Budget draft holds line on services, taxes
A preliminary general fund budget for the new year maintainscurrent municipal services while calling for no increase in theproperty tax levy, city officials said.
An early budget draft anticipates $8.43 million in general fundrevenue and $8.60 million in expenditures for the new year thatstarts Oct. 1. The proposal leaves approximately $160,000 thatwould have be covered with carryover funds from the currentyear.
“This is just the first pass at the budget …,” said Mayor BobMassengill last week while distributing the spending plan toaldermen. “Nothing is in concrete.”
A public hearing on the city’s budget is scheduled for 5:30 p.m.Tuesday in the city boardroom. City officials are expected tocontinue budget discussions during a work session following thepublic hearing.
Massengill and City Clerk Mike Jinks have been preparing thebudget proposal for the board’s review. Before budget adoption,aldermen will have final decisions on a variety of city revenue andexpenditure issues.
Employee health insurance costs came up during a work sessionlast week on the city’s water and sewer and solid waste budgets.Additional board action on those budgets is not expected.
Massengill said officials are looking at options in hopes ofavoiding an increase in insurance premiums. City budgets have beenprepared based on no increase.
“We’re making an effort to keep it no more than the currentlevel,” said Massengill, adding that he would discuss insuranceplan options Tuesday.
Mentioning a “tremendous amount of claims” in the last year,Massengill said two insurance providers refused to offer proposalsfor city coverage. It is against the law to discuss specificsregarding individual employees’ health situations.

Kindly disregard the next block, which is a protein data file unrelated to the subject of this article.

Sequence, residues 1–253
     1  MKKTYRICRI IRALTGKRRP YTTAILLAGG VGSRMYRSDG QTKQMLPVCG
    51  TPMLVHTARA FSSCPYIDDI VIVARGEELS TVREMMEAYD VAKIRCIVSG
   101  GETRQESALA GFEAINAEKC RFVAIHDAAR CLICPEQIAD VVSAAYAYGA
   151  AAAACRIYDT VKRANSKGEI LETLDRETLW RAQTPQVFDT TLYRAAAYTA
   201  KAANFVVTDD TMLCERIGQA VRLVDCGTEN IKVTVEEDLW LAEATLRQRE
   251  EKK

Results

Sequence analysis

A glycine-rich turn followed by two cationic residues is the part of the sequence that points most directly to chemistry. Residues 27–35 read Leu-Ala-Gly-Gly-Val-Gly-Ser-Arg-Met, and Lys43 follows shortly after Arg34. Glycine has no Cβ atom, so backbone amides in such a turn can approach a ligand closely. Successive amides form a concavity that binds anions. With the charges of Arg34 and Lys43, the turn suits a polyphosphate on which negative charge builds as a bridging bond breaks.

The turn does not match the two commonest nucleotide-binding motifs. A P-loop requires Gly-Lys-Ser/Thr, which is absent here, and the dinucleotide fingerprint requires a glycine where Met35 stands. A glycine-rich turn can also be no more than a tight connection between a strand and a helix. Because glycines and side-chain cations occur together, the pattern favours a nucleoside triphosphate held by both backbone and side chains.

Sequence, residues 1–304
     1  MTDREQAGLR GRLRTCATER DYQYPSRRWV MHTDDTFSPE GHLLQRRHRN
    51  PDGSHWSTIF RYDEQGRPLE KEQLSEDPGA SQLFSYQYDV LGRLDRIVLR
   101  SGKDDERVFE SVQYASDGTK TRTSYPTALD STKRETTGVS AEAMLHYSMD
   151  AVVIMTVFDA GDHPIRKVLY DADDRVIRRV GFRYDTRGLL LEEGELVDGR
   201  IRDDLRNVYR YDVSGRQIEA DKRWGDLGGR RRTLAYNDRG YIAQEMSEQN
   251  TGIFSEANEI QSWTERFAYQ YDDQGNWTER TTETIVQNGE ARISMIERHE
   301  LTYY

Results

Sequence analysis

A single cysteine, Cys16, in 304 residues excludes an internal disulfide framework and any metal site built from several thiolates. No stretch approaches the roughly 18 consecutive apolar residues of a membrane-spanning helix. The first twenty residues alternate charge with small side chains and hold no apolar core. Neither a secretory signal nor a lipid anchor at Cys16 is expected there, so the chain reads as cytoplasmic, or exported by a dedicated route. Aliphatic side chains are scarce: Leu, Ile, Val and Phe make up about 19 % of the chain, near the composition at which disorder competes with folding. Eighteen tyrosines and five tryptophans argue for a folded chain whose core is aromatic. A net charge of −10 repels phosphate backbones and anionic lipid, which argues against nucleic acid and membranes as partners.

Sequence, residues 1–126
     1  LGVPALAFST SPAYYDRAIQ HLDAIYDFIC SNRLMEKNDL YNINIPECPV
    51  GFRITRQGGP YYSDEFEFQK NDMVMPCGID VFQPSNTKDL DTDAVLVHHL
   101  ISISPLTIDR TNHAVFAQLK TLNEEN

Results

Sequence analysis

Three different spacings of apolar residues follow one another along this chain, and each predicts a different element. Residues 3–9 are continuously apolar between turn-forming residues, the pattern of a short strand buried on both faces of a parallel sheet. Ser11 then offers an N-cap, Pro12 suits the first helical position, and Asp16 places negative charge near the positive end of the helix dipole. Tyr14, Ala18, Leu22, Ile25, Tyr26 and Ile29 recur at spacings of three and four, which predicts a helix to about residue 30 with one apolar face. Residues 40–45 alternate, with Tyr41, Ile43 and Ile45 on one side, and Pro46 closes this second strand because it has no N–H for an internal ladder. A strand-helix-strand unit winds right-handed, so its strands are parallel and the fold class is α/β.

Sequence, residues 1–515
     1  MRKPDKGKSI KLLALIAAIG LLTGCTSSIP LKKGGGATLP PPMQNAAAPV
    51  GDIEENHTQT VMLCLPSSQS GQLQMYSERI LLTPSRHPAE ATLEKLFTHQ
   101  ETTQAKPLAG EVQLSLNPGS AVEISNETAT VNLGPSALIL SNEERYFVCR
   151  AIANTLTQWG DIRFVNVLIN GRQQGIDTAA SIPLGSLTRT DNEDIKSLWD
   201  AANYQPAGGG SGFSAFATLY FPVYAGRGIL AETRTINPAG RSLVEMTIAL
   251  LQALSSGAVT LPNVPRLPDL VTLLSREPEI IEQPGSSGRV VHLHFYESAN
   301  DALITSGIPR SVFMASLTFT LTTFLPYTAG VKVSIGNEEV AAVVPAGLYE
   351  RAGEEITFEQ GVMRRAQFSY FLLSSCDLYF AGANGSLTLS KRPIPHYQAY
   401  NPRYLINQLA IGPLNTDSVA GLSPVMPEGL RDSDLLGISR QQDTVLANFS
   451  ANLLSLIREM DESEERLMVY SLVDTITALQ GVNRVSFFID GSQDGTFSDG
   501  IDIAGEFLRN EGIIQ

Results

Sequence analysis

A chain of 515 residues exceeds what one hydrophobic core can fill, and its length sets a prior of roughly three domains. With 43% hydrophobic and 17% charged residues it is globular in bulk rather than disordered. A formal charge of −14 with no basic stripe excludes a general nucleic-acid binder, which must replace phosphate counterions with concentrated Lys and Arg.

“Our claims over $10,000 in the last 12 months have beenunreal,” Jinks said.
In another personnel matter, the budget has a 3 percent increaseallotted for employee pay raises.
However, Massengill is seeking to award raises based onemployees’ job performance. Employee attendance and disciplineproblems have been mentioned in recent board meetings.
“I want to be able to give those who are performing well morethan those who are just showing up (for work),” Massengillsaid.
Also included in the budget is $120,000 for paving. That means$15,000 for each ward, with another $30,000 to be determined basedon citywide needs.
“Our hope is we will be able to do that,” Massengill said. “Weknow we’ve got streets that need to be paved.”
Not yet included in the budget is $125,000 to match a requested$150,000 Small Municipalities grant being sought to assist withrelocating the Brookhaven Police Department to the old MississippiHighway Patrol building on Highway 51.
In applying for the grant, aldermen approved the matching grantsfunds and officials indicated they would be added to the new yearbudget. If the grant is not received, Massengill said the citywould not be able to do as much as hoped for regarding the buildingimprovements for the relocation.
“We’re committed to moving the Police Department,” Massengillsaid.
Jinks said the spending plan projects no increase in the generalfund property tax levy. It has remained at 23.08 mills since the2001-02 budget year, according to a tax levy analysis.
City officials are awaiting final property values before settingthe total tax levy, which will also include millage for schools anddebt service on prior years’ bond issues.
Officials hope to wrap up budget work by late August and beready to approve the new year budget in early September at thelatest.